- Paperback: 240 pages
- Publisher: Peachpit Press; 1 edition (November 21, 2009)
- Language: English
- ISBN-10: 0321580125
- ISBN-13: 978-0321580122
- Product Dimensions: 7 x 0.4 x 9 inches
- Shipping Weight: 14.4 ounces (View shipping rates and policies)
- Average Customer Review: 4.7 out of 5 stars See all reviews (69 customer reviews)
- Amazon Best Sellers Rank: #72,975 in Books (See Top 100 in Books)
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Before & After: How to Design Cool Stuff 1st Edition
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From the Back Cover
"Before and After" magazine's focus on clarity, simplicity, and elegance has won it legions of fans--fans who will welcome this second volume of the definitive "Before and After Page Design" by John McWade. Truly an icon of the graphic design community, his insistence on approaching design not as mere decoration but as an essential form of communication is vividly apparent in this cohesive primer on page design and layout. And you could not hope for a better, more qualified teacher. McWade shows readers how to arrange and present information using today's powerful graphics tools. Readers will learn how to design single-page and multi-page documents, brochures, and ads; why one typeface works better than another; and much more. Best of all, they'll discover how to think visually transforming the images in their heads into something that communicates effectively on the page.
About the Author
Designer, teacher, and author John McWade has been at the forefront of the graphic design and desktop publishing worlds for several decades. The very first beta user of the desktop publishing program Aldus PageMaker, he went on to found the first desktop publishing company, PageLab, to take advantage of the new tools. With his partner Gaye McWade, he founded the acclaimed Before and After magazine.
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Top Customer Reviews
At the same time, novice designers and do-it-yourselfers will get a lot out of this book. As the first chapter says, this book is about designing by seeing, rather than by following any perceived hard and fast rules. The chapters on picking the perfect color and finding the right typeface follow along this line and are excellent. Letter-spacing (kerning) and other aspects of typography are given quite a bit of due in a few chapters, so beginners get a bit of guidance in an area that is becoming increasingly more neglected. Although this book presupposes a working knowledge of layout and design programs, it offers clear examples of why certain things work, along with simple ways to improve any layout.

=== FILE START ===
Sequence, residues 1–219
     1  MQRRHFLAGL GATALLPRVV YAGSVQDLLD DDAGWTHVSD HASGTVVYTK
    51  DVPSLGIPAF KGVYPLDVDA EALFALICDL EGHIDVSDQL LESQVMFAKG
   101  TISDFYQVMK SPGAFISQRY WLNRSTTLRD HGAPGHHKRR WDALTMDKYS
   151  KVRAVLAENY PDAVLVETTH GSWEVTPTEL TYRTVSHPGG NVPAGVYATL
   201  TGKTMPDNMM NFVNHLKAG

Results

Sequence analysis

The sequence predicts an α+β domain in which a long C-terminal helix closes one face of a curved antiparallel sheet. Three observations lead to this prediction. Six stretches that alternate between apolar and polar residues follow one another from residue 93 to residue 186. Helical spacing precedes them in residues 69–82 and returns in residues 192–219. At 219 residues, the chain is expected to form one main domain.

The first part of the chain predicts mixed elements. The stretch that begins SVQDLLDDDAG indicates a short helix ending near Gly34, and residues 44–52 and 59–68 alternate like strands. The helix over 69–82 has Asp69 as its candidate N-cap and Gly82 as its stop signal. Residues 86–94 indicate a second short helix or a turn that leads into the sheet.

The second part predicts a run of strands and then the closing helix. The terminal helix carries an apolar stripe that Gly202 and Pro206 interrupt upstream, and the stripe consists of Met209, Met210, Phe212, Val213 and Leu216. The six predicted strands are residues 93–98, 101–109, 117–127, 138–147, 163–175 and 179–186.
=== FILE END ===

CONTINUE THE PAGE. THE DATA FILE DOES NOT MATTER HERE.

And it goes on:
I like this book because it involves you in the decisions. The first part of the book explains the knowledge you need to be able to really see and use graphic elements. It begins with designing without rulers and the empty page. It explains how to use color. It makes sense out of understanding typographic characters and fitting type styles to your design. An example of how the book involves you is "How to find the perfect color." It begins with finding the colors in a photograph. It ends with a discussion of five different color choice designs with good reasons why the customer might chose any one of them
I like this book because it shows creative methods you can use. The second part of "Before & After How to Design Cool Stuff" is about techniques such as getting several images out of one photo, putting the reader's eye where you want it, and combining photos and captions to tell your story. It includes techniques you can use to create unique covers and pages, business cards and a post card, or even a web site or a welcome page.
I also like the projects that make up the third part. These projects show the evolution from the idea or product that existed before to the designs that result after. These projects can help you to design a theme, a story-style brochure, a pocket size brochure, a panoramic booklet, a web site, or a presentation.
Read "Before & After How to Design Cool Stuff" for an overview of, and an appreciation for, the ideas and techniques that are in it. Then, when you are about to begin your next project, refer to this book.
John McWade is in a class by himself. No one else even comes close.
Whether you are an experienced designer, or someone just trying to figure out how to start on your first design project, you absolutely cannot go wrong with this book, or with any of McWade's other books.
Does it matter that most of the topics in this book have already been covered in his magazine? Not at all. Even though I still have all the back issues, and refer to them on a regular basis, the fact is that this series of books makes it easier to find the topics I want to review, and so these books are way more than worth the price when I'm looking for a quick burst of inspiration.
Even if I'm not actively searching for "inspiration," just opening his books and paging through them, the clean design produces an almost zen-like state in my mind, and I immediately feel a wave of confidence flowing through me, reminding me that design *can* be fun, and that I *can* design something that's at least as good as the well-known designers I've worked with and admired for years.
Buy these books. Study what John McWade wants to show you.
If you want to become a good designer (or an even better designer), nothing will be of more help to you than studying the design techniques and ideas of John McWade.
Definitely worth picking up and reading. I read it cover to cover in one afternoon and it is next to the computer whenever I design.
It does not go heavy into the technical reasons why things were, it just explains how to make things look good and very clearly and easily.
Will you become the greatest designer ever? Probably not, but is it useful as a design resource, absolutely.